Herbalists worry for patients as harvesting ban takes effect

Grace Kosgei

Mrs Grace Kosgei, 70, displays some of the prepared herbs for her clients in Nandi county.  

Photo credit: Tom Matoke | Nation Media Group

For decades, Grace Kosgei has collected herbal medicines from public forests to treat her patients suffering from various illnesses.

The 70-year-old herbalist from Kapkanani in Nandi County has for the past 40 years never had trouble finding plants to harvest for traditional medicine.

But the practice has taken a hit after the government introduced stringent measures on harvesting medicinal plants in public forests as part of conservation programmes to increase Kenya’s forest cover to the internationally recommended 10 percent.

The measures are locking out herbalists like Ms Kosgei from freely accessing public forests, making it difficult for them to find raw materials to produce traditional medicines.

“The tough conditions imposed by the Kenya Forest Service are making it difficult to harvest traditional medicines from public forests. We will not be able to treat our patients and the measures will knock us out of business,” she said.

She, however, admits that some of the tree species used for making traditional medicine in Nandi County face extinction due to ‘wanton’ harvesting and they must travel to Narok and Elgeyo Marakwet counties to find them.

“Under the new regulations, forests are restricted areas that we cannot enter to harvest medicinal plants,” Ms Kosgei said.

She is among herbalists in the Rift Valley region who want the government to allow them to harvest trees in public forests for medicinal purposes as they participate in afforestation programmes as part of conservation efforts.

“Our forefathers harvested medicinal trees in public forests without causing any destruction. Our objective is to offer alternative treatment to patients suffering from various ailments,” she said, adding that many Kenyans still value traditional medicine.

The skill of making traditional medicine, she said, is passed down from one generation to the next and herbalists do not heal people for profit.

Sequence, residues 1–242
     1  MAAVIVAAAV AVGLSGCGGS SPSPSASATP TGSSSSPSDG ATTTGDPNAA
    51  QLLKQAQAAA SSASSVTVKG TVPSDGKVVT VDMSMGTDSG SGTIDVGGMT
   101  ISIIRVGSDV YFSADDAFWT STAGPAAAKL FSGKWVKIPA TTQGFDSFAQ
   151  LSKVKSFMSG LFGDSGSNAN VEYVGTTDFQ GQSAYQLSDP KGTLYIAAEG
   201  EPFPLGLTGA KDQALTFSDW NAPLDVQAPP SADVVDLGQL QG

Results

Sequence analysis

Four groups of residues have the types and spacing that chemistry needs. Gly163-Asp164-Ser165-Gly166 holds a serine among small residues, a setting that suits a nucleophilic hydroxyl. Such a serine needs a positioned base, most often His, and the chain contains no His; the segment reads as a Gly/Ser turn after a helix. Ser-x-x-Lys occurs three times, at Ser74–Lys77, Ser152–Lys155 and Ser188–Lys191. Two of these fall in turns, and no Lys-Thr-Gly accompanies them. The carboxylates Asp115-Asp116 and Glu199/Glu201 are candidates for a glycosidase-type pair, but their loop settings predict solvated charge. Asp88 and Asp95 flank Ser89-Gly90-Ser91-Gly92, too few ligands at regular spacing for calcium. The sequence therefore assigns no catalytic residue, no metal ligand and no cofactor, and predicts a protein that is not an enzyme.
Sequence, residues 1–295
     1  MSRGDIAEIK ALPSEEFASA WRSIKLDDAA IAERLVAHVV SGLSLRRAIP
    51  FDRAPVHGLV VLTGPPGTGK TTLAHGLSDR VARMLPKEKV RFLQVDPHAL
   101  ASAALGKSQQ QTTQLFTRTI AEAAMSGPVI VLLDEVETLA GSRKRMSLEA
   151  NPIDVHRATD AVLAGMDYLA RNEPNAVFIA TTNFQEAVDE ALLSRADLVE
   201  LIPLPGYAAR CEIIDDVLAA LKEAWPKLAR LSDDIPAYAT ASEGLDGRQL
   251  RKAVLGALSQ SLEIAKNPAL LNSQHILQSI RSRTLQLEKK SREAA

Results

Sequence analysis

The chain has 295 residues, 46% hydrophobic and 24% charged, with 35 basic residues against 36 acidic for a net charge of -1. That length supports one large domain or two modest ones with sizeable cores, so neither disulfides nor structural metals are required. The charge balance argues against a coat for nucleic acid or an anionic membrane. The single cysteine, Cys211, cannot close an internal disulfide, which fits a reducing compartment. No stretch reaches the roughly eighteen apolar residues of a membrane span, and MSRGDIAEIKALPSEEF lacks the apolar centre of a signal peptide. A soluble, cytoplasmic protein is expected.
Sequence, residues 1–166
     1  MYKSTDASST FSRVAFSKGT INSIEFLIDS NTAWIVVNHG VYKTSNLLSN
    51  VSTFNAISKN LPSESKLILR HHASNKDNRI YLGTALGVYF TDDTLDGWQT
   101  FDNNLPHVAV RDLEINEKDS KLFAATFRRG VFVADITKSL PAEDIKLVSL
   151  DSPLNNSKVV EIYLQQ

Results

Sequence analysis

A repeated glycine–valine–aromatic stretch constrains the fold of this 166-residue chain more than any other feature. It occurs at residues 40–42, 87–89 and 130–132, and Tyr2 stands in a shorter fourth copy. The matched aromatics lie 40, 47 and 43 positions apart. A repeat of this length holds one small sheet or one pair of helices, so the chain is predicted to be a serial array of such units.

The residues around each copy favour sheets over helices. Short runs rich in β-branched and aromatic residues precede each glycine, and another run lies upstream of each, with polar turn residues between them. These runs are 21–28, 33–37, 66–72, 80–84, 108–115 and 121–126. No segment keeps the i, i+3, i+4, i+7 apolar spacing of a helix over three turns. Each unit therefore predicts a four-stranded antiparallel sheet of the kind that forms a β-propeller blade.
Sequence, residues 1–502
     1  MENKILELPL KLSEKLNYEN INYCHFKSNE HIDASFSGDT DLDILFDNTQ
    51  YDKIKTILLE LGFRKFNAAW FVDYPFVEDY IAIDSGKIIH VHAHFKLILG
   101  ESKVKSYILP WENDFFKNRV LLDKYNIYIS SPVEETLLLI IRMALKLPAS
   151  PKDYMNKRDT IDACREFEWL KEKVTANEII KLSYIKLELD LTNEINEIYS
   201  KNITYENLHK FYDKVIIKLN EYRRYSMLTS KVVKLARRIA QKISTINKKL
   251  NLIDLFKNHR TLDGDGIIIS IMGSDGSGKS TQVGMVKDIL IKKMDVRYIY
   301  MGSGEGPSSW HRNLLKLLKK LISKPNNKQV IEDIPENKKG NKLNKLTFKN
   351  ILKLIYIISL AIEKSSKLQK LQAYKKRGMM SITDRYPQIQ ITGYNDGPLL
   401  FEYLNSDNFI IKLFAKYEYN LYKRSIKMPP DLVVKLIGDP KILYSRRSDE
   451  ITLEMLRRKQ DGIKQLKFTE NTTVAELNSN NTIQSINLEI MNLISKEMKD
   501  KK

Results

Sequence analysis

But public forests are being decimated for agriculture and settlement, posing a threat to medicinal plants.

The government has, however, embarked on aggressive afforestation programmes aimed at restoring forest cover so that Kenya can better cope with climate change.

Nandi Forest

This section of forest remains bare after locals encroached and cleared the indigenous trees in Kipsamoite forest in Nandi county. 

Photo credit: Tom Matoke | Nation Media Group

“Wanton harvesting of traditional trees and replacing them with the fast-maturing exotic ones like eucalyptus, cypress and wattle is a threat to medicinal species,” Ms Kosgei said.

Look for medicinal trees elsewhere

Among the public forests in the Rift Valley are Kipkurere, Serongonik, Ng'atibkong, Kipsamoite and the King'wal swamp.

But most of these forests are threatened by charcoal makers and illegal logging.

The destruction means many herbalists in the region must look for medicinal trees elsewhere, including Elgeyo Marakwet, Kericho and Kakamega counties.

Dryopteris marginalis, known locally as tilalwet, is used to treat the common cold but is scarcely found in the remaining natural forest.

Lepidagathis scariosa Nees (nyamdutiet), which herbalist William Lelei said used to be found in some parts of Nandi faces extinction. Locals used it as an infusion (internal) to treat diarrhea, wounds, oedema, pneumonia and foot and mouth disease in livestock.

Another plant, Barleria grandicalyx Lindau (cheperenet), is used as an anti-venom for snake bites.

"My clients always seek medication for common diseases like ulcers, backaches, dental ache, skin diseases and infertility,” said Mzee Lelei, 82.

Other medicinal plants found in the region are Acanthus pubescens, Aloe kedongensis (tangaratwet), Amaranthus graecizans (mbogiat), Rhus natalensis Kraus (siriat) and Carissa edulis, among others.

"The costly search for the herbal plants has forced us to set down payment (chebrewa) at Sh1,000 and above. This helps us meet our travel costs," said Mzee Zakayo Maiyo, another herbalist.

The Nandi County Assembly in 2020 passed a bill banning the growing of exotic trees like blue gum in water catchment areas and instead encouraged locals to grow indigenous trees to restore and protect water sources.

Nandi Environment Director James Meli said the county wants to rehabilitate a total of over 26,000 acres of public forests in the ongoing afforestation campaign.

“More than 10,000 indigenous trees are to be planted in public forests in the area,” Dr Meli said.

Environment ombudsman chair John Chumo pointed out the need to protect natural forests.

“For many years, the government has imposed environmental policies and KFS has guarded forests from being destroyed. That would have more environmental significance than the human need for health (uses),” Dr Chumo said.

Nandi ecosystem conservator Kenneth Muskiton confirmed that to protect public forests from destruction, locals are not allowed to enter the areas.

North Rift Economic Bloc CEO Dominic Biwott called for policies to be created to regulate the extraction of medicinal plants in public forests.

“There is a need to train and accredit herbalists on health matters and appropriate herbs used for human consumption,” he said.

He urged KFS to provide guidelines on how to extract the medicinal substances from different tree species.


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